Imagine that you are applying for a promotion at work and your dear friend gets that promotion instead of you even though you’ve worked really hard. Do you support that friend, or do you become resentful, and secretly a little jealous?
In this week’s Parsha, Bimidbar, after a lengthy census, the tribes of Bnei Yisrael were each given a different job helping with the Mishkan building, traveling, and protecting. But, the Levites were given special attention and they were assigned jobs that the other tribes were told explicitly not to do because that was not under their jurisdiction.
In Perek Aleph, it states some of the jobs of the Levites,
נ. וְאַתָּה הַפְקֵד אֶת הַלְוִיִּם עַל מִשְׁכַּן הָעֵדֻת וְעַל כָּל כֵּלָיו וְעַל כָּל אֲשֶׁר לוֹ הֵמָּה יִשְׂאוּ אֶת הַמִּשְׁכָּן וְאֶת כָּל כֵּלָיו וְהֵם יְשָׁרְתֻהוּ וְסָבִיב לַמִּשְׁכָּן יַחֲנוּ:נא. וּבִנְסֹעַ הַמִּשְׁכָּן יוֹרִידוּ אֹתוֹ הַלְוִיִּם וּבַחֲנֹת הַמִּשְׁכָּן יָקִימוּ אֹתוֹ הַלְוִיִּם וְהַזָּר הַקָּרֵב יוּמָת:
50. But you shall appoint the Levites over the Tabernacle of the Testimony, over all its vessels and over all that belong to it; they shall carry the Tabernacle and they shall minister to it, and they shall encamp around the Tabernacle
51. When the Tabernacle is set to travel, the Levites shall dismantle it; and when the Tabernacle camps, the Levites shall erect it; any outsider [non Levite] who approaches shall be put to death.
I think it’s impressive that the other tribes weren’t jealous of the Levites (or at least Continue reading
In this week’s Torah portion, we move from the exciting and relatable narrative in the books of Bereshit (Genesis) and Shmot (Exodus), into the legalistic and methodical book of Vayikra (Leviticus).
In the first Torah portion, God tells Moses how the Children of Israel should go about establishing a holy community, a “kingdom of priests.” In doing so, it offends the modern sensibilities of many of us, explaining in vivid detail how the newly freed Jewish people should serve God through animal sacrifices:
“And Aaron’s sons, the priests, shall offer the blood, dashing the blood against all sides of the altar.” Gross.
“The burnt offering shall be flayed and cut up into sections.” Ugh.
“The priest shall bring it to the altar, pinch off its head, and turn it into smoke on the altar; and its blood shall be drained out against the side of the altar.” I can’t even. Stop.
Lucky for me (and my wishy-washy vegetarian ideals), the Jewish practice of animal sacrifice stopped at the destruction of the Second Temple (70 CE). So if animal sacrifices are no longer a part of religious devotion, what relevancy does this Torah portion have for us today? Continue reading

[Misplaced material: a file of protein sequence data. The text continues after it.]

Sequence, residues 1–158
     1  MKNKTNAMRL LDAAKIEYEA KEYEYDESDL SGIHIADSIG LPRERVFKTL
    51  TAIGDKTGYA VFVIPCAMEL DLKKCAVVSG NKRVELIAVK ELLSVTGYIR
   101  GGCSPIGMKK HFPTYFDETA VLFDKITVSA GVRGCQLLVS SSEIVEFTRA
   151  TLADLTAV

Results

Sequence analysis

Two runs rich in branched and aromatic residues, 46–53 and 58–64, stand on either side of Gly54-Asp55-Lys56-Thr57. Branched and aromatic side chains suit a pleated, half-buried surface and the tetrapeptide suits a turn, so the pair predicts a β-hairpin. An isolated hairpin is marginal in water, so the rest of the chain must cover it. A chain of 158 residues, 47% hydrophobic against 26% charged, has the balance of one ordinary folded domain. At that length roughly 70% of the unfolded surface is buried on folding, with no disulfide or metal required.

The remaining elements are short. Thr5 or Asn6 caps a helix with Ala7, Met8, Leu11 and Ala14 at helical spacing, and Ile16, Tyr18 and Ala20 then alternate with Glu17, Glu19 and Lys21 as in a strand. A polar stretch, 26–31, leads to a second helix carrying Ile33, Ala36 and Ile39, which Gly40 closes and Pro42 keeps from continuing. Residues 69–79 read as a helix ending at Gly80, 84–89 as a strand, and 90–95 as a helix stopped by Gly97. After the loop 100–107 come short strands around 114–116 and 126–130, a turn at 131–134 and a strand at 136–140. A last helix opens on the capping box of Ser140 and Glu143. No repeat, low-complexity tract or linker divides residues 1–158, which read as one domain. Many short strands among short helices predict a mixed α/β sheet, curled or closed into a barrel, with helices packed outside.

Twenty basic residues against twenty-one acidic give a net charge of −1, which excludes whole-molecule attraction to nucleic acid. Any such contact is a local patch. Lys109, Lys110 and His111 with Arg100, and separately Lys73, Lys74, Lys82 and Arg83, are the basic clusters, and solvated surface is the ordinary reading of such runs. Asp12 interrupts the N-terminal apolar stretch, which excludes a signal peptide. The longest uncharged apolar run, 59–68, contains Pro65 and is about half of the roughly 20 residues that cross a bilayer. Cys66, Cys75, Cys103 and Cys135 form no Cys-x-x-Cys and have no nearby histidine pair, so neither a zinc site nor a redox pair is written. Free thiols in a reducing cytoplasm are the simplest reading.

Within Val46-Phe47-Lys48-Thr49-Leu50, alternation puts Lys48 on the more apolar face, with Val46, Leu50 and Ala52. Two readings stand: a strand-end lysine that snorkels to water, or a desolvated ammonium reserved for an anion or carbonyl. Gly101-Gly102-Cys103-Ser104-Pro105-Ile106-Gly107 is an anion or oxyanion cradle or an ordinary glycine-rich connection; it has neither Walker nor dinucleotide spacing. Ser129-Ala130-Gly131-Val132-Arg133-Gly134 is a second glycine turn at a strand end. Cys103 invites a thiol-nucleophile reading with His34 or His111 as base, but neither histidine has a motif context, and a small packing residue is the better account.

Daniel Shibley (Year '11, Fellows '12) blogs honestly and openly about his thoughts on being drafted into the Israeli Defense Forces after making Aliyah:
Building of the Mishkan takes center stage in the parasha this week. Moshe asks the Israelites to give to the construction project, to sacrifice some of their personal property for a common goal. He does not place specific demands upon the Israelites, instead asking that they give as they are so inclined. Obviously there are both strengths and weaknesses to this fundraising strategy. What would have Moshe have done if there was insufficient materials? Fundraisers the world over no doubt cope with this reality on a daily basis, which is why we often hear speeches in American synagogues on Yom Kippur and Rosh Hashanah asking us to turn down tabs on an index card to indicate the exact amount of our pledge or Israel Bonds purchase. Continue reading
This week, Rabbi David Levin-Kruss discusses Parashat Vayakhel-Pekudei in “Leadership.”
Our double Parsha – Vayakhel-Pekudei is focused on building the Mishkan or Tabernacle. And as we know, God calls on Betzelel to build it. There are two contradicting Midrashim around Betzelel and the order in which he builds the Tabernacle (Mishkan משכן), the Ark (Aron ארון), and the vessels (כלים the keilim).
In Shemot Rabba – It quotes a verse from Mishlei – Proverbs that says, “Give to a wise man, and he will be yet wiser.” And one of the thoughts is that it is referring to Betzelel. When God told Moses to make the Tabernacle, he came to Betzelel and told him of this command. Betzelel asked, “What is the point of the Mishkan?” And Moses said, “In order that the Holy One, blessed be He, may make His Shechinah and dwell therein and teach the Torah to Israel.” Continue reading
Here is the text of today's Creative Davening at Pardes:
In this week’s parsha, we build and furnish the Mishkan and attire the kohanim. When the work is complete, the Holy Presence comes to dwell among the people. Today, in our Shacharit of Healing, we build our own Mishkan of hope and invite the Presence to be with us as we journey towards health, wholeness, and peace. At the conclusion of Sefer Shmot this week, we say, “Chazak, chazak, v’nitchazek”. How fitting to wish each other strength when we pray for healing!
Shacharit of Healing, Parashat Vayakel-Pekudei
Creative Davening at Pardes, Feb. 6
Va’ani Tamid Imach
(I am always with You.)
Though my heart is troubled and I’m filled with dread
I turn to face Your Mystery
Though I’ve been lost inside my head
I open to Eternity. (R. Shefa Gold)
Kavanah: Setting Healing Intention
We come together this morning to ask for healing, healing within ourselves, or healing for another person, or healing for our community or world.
Ki Tissa ’73